Verizon Wireless CEO Lowell McAdam says his company is collaborating with Google on an iPad competitor. But, which OEM is most likely to build it?
On Tuesday Verizon Wireless CEO Lowell McAdam told The Wall Street Journal that his company is looking beyond cell phones for "the next big wave of opportunities." Verizon sees what Apple and AT&T have done with the iPad and has decided to partner with Google to launch a device of its own.
"We're working on tablets together," said McAdam. "We're looking at all the things Google has in its archives that we could put on a tablet to make it a great experience."
Google declined to comment on the joint project. A Google spokesman was particularly coy in telling Bloomberg, "Anyone can take the Android platform and add code or download it to create a mobile device without restrictions. We look forward to seeing what contributions are made and how an open platform spurs innovation."
However, don't forget that in October 2009 when the Google-powered Motorola Droid was unveiled on Verizon, a broader agreement between Google and Verizon was also announced. The stated purpose of the agreement: "To leverage [Verizon's] high-speed network and [Google's] open Android platform for wireless innovation." Translation: Combine Verizon's forthcoming 4G network with Android's potential on devices larger than smartphones.
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McAdam did not say when a Verizon-Google tablet would arrive or offer any other specifics, but Verizon's Vice President of Corporate Communications Marquett Smith told Bloomberg that Verizon would share more details later this week.
In the meantime, the biggest question is, "Who would build the Verizon-Google tablet?" If this were a horse race, it would come down to five runners, and here's how I would handicap them:
Google's number one hardware partner for Android has always been HTC, which built the first Android smartphone, the G1, and the Google-branded Nexus One. HTC doesn't know anything about building tablets or computers, though, other than what it has learned in building touchscreen Android and Windows Mobile devices. There's also the issue that this project sounds like it's being driven by Verizon more than Google, so Verizon is likely to hand pick the OEM.
It's easy to ignore the fact that HP has more experience building tablets than anyone, due to its long-suffering with Microsoft's ill-fated Tablet PC debacle. Earlier this year HP even built a touch-based tablet for Microsoft, before pulling the plug on it because Windows 7 was reportedly too hard on battery life. Android would be a much lighter fit. Of course, there's also the issue that HP just bought Palm and is rumored to be fitting webOS for wear on tablets. And, HP and Verizon are two very strong and experienced industry leaders. It's tough to see them collaborating without butting heads.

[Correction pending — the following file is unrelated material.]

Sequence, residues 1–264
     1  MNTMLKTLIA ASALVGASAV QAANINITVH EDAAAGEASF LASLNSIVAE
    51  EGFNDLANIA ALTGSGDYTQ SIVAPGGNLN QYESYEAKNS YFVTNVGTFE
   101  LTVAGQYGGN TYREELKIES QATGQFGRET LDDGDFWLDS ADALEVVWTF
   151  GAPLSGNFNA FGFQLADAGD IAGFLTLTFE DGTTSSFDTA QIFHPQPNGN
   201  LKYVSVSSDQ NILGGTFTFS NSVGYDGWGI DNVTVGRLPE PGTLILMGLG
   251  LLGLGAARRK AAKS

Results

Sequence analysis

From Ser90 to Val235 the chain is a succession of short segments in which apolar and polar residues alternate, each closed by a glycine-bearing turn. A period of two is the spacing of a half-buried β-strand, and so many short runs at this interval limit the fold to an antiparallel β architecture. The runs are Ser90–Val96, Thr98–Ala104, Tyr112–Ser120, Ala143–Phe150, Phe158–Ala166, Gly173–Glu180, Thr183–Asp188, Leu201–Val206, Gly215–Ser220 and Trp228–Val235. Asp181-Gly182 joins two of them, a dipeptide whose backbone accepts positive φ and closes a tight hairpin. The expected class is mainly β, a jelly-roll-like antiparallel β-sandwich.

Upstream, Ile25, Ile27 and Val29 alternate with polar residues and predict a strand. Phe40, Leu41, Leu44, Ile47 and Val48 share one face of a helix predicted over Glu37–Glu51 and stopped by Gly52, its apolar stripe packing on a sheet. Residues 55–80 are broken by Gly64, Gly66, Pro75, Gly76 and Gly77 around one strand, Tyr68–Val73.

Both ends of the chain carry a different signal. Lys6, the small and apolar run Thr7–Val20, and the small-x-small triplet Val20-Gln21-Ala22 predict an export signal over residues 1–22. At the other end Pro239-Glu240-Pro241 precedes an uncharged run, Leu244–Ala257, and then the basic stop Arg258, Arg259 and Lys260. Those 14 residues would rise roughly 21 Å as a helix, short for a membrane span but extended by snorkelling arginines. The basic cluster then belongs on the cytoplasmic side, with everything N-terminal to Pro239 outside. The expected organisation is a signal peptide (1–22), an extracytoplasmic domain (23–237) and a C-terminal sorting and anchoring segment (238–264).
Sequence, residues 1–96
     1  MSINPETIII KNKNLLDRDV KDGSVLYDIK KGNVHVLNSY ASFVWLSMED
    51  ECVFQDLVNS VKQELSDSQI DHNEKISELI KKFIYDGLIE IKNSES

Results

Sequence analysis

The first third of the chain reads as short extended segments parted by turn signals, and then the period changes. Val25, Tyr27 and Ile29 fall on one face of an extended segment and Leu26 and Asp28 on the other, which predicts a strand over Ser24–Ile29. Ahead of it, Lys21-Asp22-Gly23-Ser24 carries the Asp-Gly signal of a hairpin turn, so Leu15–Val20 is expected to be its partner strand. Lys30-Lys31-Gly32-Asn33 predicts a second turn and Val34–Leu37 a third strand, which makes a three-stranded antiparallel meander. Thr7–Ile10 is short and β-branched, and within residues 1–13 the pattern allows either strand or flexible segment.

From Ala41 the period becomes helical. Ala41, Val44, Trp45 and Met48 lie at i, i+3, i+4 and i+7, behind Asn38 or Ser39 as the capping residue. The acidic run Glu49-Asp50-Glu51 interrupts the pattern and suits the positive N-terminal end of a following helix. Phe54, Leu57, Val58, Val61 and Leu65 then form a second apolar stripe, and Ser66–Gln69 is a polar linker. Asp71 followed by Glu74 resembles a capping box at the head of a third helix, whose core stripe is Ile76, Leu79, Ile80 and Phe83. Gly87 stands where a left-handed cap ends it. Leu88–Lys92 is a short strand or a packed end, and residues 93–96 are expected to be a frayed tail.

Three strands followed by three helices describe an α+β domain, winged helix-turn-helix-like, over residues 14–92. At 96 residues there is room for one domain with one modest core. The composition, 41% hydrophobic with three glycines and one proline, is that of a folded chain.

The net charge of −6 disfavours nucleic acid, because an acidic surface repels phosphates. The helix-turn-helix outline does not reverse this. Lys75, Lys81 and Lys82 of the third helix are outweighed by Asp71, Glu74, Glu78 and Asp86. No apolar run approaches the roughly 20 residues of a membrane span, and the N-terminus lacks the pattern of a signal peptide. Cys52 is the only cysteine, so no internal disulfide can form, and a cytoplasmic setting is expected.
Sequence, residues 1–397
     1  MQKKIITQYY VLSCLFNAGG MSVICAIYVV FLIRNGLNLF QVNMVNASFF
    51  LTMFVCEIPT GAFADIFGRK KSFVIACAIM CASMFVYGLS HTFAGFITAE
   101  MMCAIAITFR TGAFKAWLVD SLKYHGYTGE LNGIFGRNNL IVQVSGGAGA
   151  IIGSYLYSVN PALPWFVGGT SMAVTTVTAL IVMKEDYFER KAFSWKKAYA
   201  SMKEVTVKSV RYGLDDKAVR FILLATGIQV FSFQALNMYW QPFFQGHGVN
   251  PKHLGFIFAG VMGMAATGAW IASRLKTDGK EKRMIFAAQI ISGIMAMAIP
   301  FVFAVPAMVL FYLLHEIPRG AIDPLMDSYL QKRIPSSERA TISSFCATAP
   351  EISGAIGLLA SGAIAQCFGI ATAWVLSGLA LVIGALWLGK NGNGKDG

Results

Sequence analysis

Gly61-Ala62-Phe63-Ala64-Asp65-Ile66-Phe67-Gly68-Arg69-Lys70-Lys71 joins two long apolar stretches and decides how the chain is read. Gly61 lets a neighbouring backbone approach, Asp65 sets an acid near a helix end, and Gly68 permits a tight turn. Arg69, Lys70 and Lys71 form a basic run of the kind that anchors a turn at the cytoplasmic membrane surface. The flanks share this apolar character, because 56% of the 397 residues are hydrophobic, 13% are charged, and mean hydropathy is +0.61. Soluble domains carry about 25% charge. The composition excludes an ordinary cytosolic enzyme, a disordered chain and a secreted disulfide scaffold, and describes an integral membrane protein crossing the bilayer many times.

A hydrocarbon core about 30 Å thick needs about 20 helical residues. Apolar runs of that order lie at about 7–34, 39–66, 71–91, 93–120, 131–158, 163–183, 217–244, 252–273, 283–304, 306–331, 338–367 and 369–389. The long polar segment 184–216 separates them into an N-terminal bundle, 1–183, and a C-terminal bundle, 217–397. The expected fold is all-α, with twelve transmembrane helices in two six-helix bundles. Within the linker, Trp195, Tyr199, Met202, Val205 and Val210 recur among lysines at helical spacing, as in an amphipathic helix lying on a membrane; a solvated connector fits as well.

One company that really wants to build tablets is ASUS. Its Eee Pad is expected to arrive this summer, with a version running Windows 7 and another version running Android. So, since the company is already developing an Android tablet and is an upstart OEM that wants to challenge Apple as a maker of cool hardware, it could be a good fit for a Verizon partnership. The problem is that the company has little experience dealing with the crazy world of telecom carriers.
Motorola might sound like a strange fit. Other than the Verizon Droid, the company has been floundering in the cellphone/smartphone market. However, the company is a longtime Verizon partner and has a long history of developing a variety of mobile devices. It has also bet its entire mobile division around building Android devices. The biggest drawback, of course, is that it has no experience with PCs.
Dell is warming up to enter the mobile game with Android and Windows Phone devices set to arrive later this year. With the company struggling in its consumer and enterprise PC businesses, it would love to open up a new market. Its expertise in low-cost laptops could certainly be an asset in building tablets, but battery life and product design (not a Dell strength) could be drawbacks. We also haven't seen any of Dell's mobile devices yet, to know if they're any good. In all likelihood, it will take Dell a few product iterations before it's ready to seriously compete in mobile.
Handicapping the race
The smart money has to be on HTC as the favorite. It has the most Android expertise and a lot of experience building hardware at the behest of a strong partner. HTC already has experience working with Verizon on the Droid Eris and other devices as well.
It wouldn't be a surprise to see Motorola emerge as the winner, due to its experience in mobile devices and its solid relationship with Verizon. The dark-horse to keep an eye on is ASUS, which builds solid hardware, already has an Android tablet in the works, and is aggressively trying to enter new markets, just like Verizon and Google.
Also, McAdam said that Verizon was working on "tablets" (plural) with Google, so it's likely that we'll eventually see multiple form factors and OEMs involved.